After weeks of negotiations, we were allowed to travel to Azaz, a town north of Aleppo, to meet al-Abaid face-to-face. He said he was fighting for a free Syria, but for him that means a country governed under the ancient Muslim legal code of Sharia.
Clarissa Ward: You would like to see Sharia law implemented as the law of the land.
Al-Abaid (translator): Certainly. Certainly, yes.
Clarissa Ward: That is therefore saying that you wish to create an Islamic state in Syria.
Al-Abaid: And what's wrong with that? The world has misguided ideas about Islam. Muslims have never been the aggressors against anyone.
We had heard that, under al-Abaid, captured government soldiers were being tried by self-appointed Sharia judges.
Clarissa Ward: You have a judicial system here?
Al-Abaid: Yes, we got a judicial system, and everybody is happy with it. Sometimes, when we release the prisoners, and they refuse to leave.
Clarissa Ward: Would it be possible for us to meet with some of your prisoners?
Al-Abaid: Well, most of them have left. I believe there's one or two who are still there, but it wouldn't be possible for you to meet them.
Al-Abaid's men gave us a collection of videos as a parting gift. Most of them showed his fighters on the front lines in Aleppo. But one stood out. It shows four Syrian soldiers, their military IDs on display, as an off-camera voice says that they were tried and found guilty of "waging war against the people." It caught our attention because we had obtained another video from a separate source, which is very hard to watch. It begins with the same scene but then...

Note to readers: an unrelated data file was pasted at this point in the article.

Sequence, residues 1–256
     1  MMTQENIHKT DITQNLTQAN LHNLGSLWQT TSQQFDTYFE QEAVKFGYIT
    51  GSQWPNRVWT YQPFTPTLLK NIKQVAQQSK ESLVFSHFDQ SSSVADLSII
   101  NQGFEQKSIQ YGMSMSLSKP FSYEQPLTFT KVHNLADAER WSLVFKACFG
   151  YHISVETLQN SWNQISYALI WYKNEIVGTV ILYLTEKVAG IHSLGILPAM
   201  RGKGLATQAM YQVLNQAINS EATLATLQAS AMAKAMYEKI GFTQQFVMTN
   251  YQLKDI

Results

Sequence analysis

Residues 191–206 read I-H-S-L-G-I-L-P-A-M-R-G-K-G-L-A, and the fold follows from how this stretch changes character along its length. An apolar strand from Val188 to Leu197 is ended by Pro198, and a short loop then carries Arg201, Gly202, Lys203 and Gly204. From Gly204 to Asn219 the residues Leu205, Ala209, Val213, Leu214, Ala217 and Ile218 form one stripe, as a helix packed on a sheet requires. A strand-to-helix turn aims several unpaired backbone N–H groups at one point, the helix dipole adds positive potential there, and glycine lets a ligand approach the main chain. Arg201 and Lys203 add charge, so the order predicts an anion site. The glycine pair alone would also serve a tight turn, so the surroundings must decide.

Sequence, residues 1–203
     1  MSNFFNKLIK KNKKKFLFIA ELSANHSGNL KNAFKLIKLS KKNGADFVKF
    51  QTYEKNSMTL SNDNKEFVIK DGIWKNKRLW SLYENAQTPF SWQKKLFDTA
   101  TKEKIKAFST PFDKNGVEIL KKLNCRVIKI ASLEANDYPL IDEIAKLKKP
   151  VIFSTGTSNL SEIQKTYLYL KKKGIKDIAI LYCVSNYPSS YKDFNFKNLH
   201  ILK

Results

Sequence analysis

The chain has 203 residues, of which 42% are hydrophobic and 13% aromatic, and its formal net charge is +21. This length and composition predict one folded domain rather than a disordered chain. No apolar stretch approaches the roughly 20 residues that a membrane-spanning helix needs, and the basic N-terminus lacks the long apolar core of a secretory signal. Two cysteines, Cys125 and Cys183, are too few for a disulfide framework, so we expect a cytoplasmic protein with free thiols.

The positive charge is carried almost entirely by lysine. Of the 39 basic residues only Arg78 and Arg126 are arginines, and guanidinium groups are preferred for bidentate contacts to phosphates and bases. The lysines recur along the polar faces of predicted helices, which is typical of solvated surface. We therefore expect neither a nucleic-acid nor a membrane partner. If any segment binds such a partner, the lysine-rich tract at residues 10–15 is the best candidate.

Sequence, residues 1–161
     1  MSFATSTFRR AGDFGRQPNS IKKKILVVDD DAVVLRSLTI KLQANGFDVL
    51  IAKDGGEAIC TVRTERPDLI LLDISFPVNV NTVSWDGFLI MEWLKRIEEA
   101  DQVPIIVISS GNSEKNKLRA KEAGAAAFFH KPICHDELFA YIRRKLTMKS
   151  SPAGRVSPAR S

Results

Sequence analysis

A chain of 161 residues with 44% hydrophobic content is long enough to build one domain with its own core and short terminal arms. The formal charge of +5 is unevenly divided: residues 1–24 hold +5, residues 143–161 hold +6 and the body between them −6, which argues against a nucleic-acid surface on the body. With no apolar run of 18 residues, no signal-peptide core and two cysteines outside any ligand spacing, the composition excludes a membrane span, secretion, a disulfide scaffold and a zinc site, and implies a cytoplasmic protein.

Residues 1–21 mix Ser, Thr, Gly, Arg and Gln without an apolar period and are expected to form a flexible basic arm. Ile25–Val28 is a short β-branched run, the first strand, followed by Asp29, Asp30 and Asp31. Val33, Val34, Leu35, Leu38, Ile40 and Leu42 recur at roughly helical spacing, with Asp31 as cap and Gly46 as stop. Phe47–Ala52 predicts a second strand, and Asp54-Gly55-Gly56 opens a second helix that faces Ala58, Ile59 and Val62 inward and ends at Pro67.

We decided to risk returning to Azaz to confront the jihadi leader who had bragged of how well he treated his prisoners.
Clarissa Ward: When we went back, we looked at some of the video clips that your men had given us. And I wonder if you can take a look at this one and tell me, what is going on in this clip?
Clarissa Ward: Can you tell me what that video is showing?
Al-Abaid: Well, those were government soldiers...in the fighting...during the battle...we kind of arrested them.
Clarissa Ward: And what sentence were they given?
Al-Abaid: That's something that the judges know more about than I do
Clarissa Ward: Because we have another version of the video. It's a longer version and it ends quite differently.
Clarissa Ward: You know about these executions?
Al-Abaid: No, I was not aware.
Still, he defended the decision to execute the soldiers, calling it "an eye for an eye," but when we pointed out that it was his men who were responsible all he could say was...
Al-Abaid: I really don't know...what can I say. (In English)...I no speak.